For someone who generally eschews the Merlot grape for all the reasons stated (or merely assumed) in Sideways, this AIA was a joy. In fact, it’s evidence of just how luscious a Merlot can be. It may not truly be a Mallorcan wine, but it might yet be – as I was promised at the time I bought it – the greatest wine to come out of Mallorca. Of course, I’ve still got a few hundred more of them to try before I can qualify such judgment – and if anyone wants to send them my way, feel free!

3) DOMAINE LA SOUMADE Côtes du Rhône Villages Rasteau 2001

I can sound like a scratched record when it comes to my favorite producers from my favorite regions, especially in my favorite vintages. But really, what here is not to love? Picked up from Berry Brothers at Heathrow one day for under a tenner, this is vigneron Andre Romero’s entry level Côtes du Rhône Villages wine, which gives you a hint as to just how powerful, dense and long-lasting the wines are in the rest of his portfolio. In fact, 2001 was refreshingly forward-drinking for the region, which means I would have been tempting fate by storing this bottle for so long if I didn’t know it was capable of lasting the course. The wine was just a true delight – big and expressive, earthy and leathery, full of olives and spice and herbs, and with oodles of black fruit still showing through. Though it tasted like it had a couple more years left in it, it was drinking just beautifully now. For those who have the pockets and the patience, Andre Romero makes Rasteau wines that move up through names like Cuvee Confiance and Cuvee Prestige and prices to match. For those of us who don’t, the basic Soumade Rasteau is as fine a big, inexpensive southern Rhône wine as you’ll find.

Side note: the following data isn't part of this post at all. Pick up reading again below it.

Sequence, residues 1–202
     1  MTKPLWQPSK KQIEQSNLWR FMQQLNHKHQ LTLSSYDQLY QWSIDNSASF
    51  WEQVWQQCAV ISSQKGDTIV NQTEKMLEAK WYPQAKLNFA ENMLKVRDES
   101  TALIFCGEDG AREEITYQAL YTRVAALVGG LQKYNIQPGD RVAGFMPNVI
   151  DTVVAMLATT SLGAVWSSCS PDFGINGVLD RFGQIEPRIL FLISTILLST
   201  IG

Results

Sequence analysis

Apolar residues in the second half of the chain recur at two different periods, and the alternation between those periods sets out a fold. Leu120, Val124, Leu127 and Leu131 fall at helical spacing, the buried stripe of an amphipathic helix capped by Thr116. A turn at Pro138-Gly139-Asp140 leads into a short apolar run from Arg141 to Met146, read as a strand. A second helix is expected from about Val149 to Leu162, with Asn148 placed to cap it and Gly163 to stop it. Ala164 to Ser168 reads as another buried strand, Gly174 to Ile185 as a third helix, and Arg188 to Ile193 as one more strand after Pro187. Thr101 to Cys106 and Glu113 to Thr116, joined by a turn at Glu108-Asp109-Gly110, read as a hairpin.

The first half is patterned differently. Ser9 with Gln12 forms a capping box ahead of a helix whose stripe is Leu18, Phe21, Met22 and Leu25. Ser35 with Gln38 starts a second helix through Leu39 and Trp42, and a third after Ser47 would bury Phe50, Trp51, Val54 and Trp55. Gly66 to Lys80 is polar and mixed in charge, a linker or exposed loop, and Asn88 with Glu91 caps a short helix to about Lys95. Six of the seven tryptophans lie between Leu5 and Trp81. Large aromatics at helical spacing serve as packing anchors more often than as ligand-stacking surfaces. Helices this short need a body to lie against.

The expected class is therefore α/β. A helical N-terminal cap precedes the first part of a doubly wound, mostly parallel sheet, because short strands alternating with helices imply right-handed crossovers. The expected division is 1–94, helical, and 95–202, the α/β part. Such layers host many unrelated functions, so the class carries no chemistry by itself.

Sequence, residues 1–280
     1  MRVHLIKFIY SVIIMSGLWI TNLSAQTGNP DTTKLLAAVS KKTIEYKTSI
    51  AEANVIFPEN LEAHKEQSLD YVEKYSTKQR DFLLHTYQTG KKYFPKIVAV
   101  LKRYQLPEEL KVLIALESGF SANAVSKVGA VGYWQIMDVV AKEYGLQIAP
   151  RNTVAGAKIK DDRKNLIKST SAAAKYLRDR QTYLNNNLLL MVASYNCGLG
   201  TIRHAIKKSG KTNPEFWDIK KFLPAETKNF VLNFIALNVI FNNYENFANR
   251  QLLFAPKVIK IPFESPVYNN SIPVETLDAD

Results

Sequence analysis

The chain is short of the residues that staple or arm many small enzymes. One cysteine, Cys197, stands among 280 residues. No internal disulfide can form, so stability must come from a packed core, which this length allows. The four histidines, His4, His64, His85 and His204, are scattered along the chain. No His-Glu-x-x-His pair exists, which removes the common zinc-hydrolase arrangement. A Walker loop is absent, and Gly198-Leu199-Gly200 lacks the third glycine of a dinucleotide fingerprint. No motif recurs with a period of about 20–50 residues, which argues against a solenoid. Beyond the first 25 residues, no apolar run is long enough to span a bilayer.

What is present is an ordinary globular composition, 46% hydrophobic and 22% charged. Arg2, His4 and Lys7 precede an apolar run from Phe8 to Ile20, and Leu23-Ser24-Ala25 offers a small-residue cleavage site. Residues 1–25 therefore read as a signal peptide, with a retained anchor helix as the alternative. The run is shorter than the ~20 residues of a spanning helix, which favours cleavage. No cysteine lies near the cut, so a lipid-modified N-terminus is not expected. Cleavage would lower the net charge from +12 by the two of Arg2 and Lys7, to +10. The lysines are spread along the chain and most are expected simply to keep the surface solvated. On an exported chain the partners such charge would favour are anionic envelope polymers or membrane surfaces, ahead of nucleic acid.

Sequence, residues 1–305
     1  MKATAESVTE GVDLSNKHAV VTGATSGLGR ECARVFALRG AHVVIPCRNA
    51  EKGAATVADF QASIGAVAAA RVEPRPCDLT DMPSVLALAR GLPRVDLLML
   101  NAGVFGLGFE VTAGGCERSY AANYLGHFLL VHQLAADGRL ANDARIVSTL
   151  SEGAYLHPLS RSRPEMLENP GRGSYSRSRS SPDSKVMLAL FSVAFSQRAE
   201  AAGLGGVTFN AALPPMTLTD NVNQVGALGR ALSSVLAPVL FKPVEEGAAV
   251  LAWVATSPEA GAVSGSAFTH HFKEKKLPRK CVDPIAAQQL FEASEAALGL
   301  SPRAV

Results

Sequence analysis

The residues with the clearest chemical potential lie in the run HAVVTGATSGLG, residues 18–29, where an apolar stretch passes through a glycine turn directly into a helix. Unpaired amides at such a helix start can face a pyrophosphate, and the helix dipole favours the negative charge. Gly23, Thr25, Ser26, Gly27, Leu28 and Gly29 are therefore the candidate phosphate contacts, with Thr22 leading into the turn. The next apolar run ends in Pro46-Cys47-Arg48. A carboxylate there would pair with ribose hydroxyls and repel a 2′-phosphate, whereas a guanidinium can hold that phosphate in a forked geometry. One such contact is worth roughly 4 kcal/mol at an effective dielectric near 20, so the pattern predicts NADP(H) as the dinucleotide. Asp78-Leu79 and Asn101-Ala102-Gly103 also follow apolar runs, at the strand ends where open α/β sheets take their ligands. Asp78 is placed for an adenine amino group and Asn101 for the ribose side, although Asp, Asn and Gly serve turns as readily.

(More on Rasteau here.)


This wine is on sale at Hurley Ridge, the best wine store round these parts, for a mere $13 when Cline’s own web site states that it should fetch $18. At the higher end, I’d be inclined to shoot for the faithful Seghesio as a solid, mid-range quality Californian Zinfandel, but at $13, you really can’t go wrong with this. Posie and I opened it up on a Saturday night when the temperature dropped down to surprisingly chilly levels even though I’d already committed to firing up the barbeque. It was a perfect choice: the relatively high alcohol (14.5%) was far from evident in the cool but sunny late-evening air, and in fact the wine’s main attribute was its refreshing acidity, its zingy tang of strange berries (the books always refer to lincolnberry and loganberry, like you have a bunch of those standing round to sniff and compare) and a lip-smacking chocolate/coffee finish. It went just fine with the freshly grilled veg topped with some balsamic vinegar, and indeed with the truffles we munched on afterwards. It also tasted lovely on its own – it’s not often my wife polishes off a glass of red wine without even waiting for the food to hit the table.

Cline say you can keep this Zinfandel, made from vines dating back to pre-Prohibition, for five-seven years, and the one time I tried doing so (with a ’97 if memory serves me well), the result was truly quite delicious; Zinfandels can age. But at $13 a bottle you may as well buy the 2005 by the case and bring it to your friend’s summer party instead of that cheap Italian Montepulciano you’re always trying to pass off on me instead.

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October 2021